Next, the entangled web sheet filled with polyurethane elastomer A was treated with nip rollers, then immersed for 10 minutes in 95° C. hot water while being subjected to high-pressure water jet treatment so as to dissolve and remove the PVA resin. This was followed by drying, thereby giving a composite of polyurethane elastomer A with an ultrafine fiber-entangled body, in which the composite was composed of ultrafine fibers having an average fineness of 0.05 dtex, and had a basis weight of 1,220 g/m2, an apparent density of 0.66 g/cm3 and a thickness of 1.85 mm.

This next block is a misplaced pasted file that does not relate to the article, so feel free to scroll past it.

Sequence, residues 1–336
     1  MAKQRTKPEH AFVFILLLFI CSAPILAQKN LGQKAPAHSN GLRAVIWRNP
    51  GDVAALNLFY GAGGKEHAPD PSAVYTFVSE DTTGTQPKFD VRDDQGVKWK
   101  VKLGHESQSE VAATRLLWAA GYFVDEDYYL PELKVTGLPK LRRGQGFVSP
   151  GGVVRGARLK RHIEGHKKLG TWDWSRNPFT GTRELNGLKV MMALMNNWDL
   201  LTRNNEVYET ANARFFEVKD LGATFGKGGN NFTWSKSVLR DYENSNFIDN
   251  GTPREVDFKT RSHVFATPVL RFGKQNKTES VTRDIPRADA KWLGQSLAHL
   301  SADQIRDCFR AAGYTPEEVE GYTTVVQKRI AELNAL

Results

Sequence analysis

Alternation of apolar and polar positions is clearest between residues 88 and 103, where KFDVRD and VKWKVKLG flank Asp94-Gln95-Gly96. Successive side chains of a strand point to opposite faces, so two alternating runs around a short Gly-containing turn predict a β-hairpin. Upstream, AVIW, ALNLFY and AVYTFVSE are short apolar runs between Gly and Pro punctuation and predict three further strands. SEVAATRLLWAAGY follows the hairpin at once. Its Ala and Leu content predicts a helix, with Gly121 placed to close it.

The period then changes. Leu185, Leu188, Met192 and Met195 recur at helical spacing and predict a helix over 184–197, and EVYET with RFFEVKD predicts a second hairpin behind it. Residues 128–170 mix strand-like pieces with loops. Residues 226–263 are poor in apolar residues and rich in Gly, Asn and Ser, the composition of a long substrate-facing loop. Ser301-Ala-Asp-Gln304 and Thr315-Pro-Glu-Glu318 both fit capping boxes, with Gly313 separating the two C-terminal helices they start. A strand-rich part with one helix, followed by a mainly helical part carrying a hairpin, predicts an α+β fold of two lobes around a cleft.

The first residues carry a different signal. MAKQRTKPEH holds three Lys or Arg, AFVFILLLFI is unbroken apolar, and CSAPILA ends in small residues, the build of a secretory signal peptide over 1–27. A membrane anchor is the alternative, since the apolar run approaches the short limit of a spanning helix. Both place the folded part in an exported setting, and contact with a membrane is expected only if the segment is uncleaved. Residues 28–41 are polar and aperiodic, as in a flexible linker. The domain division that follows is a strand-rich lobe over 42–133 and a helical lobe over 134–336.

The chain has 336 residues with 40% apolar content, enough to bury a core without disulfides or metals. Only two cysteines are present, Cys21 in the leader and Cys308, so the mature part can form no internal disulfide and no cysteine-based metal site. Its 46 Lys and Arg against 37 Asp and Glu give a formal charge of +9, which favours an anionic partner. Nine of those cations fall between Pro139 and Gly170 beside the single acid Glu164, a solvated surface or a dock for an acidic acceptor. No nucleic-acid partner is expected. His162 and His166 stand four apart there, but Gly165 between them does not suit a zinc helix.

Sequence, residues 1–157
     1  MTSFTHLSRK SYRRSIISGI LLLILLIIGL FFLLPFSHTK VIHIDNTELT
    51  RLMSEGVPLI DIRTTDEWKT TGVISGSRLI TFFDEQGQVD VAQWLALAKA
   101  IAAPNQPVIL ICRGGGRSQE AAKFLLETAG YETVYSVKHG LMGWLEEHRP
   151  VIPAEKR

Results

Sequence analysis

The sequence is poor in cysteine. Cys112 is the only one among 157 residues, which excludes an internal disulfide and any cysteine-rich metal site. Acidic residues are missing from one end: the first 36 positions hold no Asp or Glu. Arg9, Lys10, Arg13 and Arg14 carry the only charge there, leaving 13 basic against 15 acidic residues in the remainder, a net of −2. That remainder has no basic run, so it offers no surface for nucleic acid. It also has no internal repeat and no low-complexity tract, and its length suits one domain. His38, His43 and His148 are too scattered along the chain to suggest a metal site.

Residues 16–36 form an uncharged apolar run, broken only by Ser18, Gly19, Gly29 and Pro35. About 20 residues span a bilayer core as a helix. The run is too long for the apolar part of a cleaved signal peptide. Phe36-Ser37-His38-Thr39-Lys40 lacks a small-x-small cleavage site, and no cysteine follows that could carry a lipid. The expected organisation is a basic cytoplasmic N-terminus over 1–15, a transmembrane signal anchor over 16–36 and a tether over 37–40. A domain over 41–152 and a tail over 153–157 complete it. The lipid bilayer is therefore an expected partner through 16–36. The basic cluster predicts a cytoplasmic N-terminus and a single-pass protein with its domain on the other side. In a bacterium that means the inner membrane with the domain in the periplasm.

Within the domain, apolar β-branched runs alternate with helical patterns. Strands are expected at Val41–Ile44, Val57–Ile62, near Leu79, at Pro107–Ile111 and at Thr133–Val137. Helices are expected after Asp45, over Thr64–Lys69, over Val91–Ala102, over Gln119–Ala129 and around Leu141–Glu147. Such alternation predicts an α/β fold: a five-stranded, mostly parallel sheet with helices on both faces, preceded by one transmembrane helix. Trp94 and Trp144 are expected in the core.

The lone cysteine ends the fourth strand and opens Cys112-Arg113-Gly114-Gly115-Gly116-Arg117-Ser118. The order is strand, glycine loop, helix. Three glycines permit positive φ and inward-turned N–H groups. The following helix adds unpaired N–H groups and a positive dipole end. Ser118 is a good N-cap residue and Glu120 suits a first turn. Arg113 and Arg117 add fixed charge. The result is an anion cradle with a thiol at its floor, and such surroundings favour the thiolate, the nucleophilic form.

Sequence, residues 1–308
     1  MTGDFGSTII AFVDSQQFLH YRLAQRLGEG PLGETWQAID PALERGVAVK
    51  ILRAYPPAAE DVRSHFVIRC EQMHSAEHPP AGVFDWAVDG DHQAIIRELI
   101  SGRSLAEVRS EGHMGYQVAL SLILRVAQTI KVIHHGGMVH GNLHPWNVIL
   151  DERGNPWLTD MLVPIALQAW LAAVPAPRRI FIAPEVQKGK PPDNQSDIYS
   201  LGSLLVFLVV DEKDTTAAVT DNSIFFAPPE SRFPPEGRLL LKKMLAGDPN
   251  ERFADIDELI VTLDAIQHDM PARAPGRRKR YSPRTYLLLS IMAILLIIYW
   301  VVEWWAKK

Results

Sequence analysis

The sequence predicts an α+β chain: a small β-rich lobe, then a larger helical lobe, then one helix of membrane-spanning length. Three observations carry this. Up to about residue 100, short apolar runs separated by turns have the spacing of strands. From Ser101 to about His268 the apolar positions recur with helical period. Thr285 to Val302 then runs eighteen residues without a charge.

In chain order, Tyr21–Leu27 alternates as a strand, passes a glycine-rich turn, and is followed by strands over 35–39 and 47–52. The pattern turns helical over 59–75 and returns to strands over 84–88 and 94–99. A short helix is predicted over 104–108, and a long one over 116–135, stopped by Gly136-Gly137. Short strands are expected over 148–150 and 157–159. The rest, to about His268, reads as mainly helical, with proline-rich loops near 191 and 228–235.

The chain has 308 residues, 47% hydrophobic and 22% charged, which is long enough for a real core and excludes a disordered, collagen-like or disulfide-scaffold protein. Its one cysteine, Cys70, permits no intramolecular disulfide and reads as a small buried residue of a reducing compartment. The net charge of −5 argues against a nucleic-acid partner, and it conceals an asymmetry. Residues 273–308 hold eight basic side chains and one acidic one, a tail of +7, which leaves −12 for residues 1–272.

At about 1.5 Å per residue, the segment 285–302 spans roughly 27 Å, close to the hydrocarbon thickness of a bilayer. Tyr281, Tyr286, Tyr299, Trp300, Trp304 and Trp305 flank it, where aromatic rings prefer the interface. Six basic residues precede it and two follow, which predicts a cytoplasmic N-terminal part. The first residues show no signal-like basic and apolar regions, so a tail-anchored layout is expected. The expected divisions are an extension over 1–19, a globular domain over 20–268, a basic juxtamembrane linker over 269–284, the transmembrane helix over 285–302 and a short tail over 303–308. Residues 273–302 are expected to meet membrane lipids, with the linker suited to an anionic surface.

This composite was then impregnated with an aqueous dispersion of polyurethane elastomer B (solid concentration, 30 mass %) as the second polyurethane elastomer. Polyurethane elastomer B was a polyurethane resin prepared by using 100 parts by mass of a polycarbonate-based non-yellowing-type polyurethane resin, adding 5 parts by mass of a carbodiimide crosslinking agent, and heat treating so as to form a crosslinked structure, in which the polycarbonate-based non-yellowing-type polyurethane resin was obtained by polymerizing 50 mass % of the soft component obtained by mixing a noncrystalline polycarbonate polyol (a copolymeric polyol composed of hexamethylene carbonate and pentamethylene carbonate) and a polyalkylene glycol having 2 to 3 carbons in a molar ratio of 99.9:0.1, and adding to the mixture 1.5 mass % of a carboxylic group-containing monomer (2,2-bis(hydroxymethyl)propionic acid), with 4,4′-dicyclohexylmethane diisocyanate, a short-chain amine and a short-chain diol as the hard components. The water absorption ratio for polyurethane elastomer B was 2 mass %, the storage modulus at 23° C. was 450 MPa, the storage modulus at 50° C. was 300 MPa, the glass transition temperature was −25° C., and the average particle size of the aqueous dispersion was 0.05 μm. The amount of adherent solids of the aqueous dispersion at this time was 15 mass % with respect to the mass of the composite. Next, the composite impregnated with the aqueous dispersion was subjected to coagulation treatment at 90° C. and 50% RH, then to drying treatment at 140° C. The dried composite was then hot-pressed at 140° C., giving a polishing pad precursor. The resulting polishing pad precursor had a basis weight of 1,390 g/m2, an apparent density of 0.80 g/cm3 and a thickness of 1.75 mm.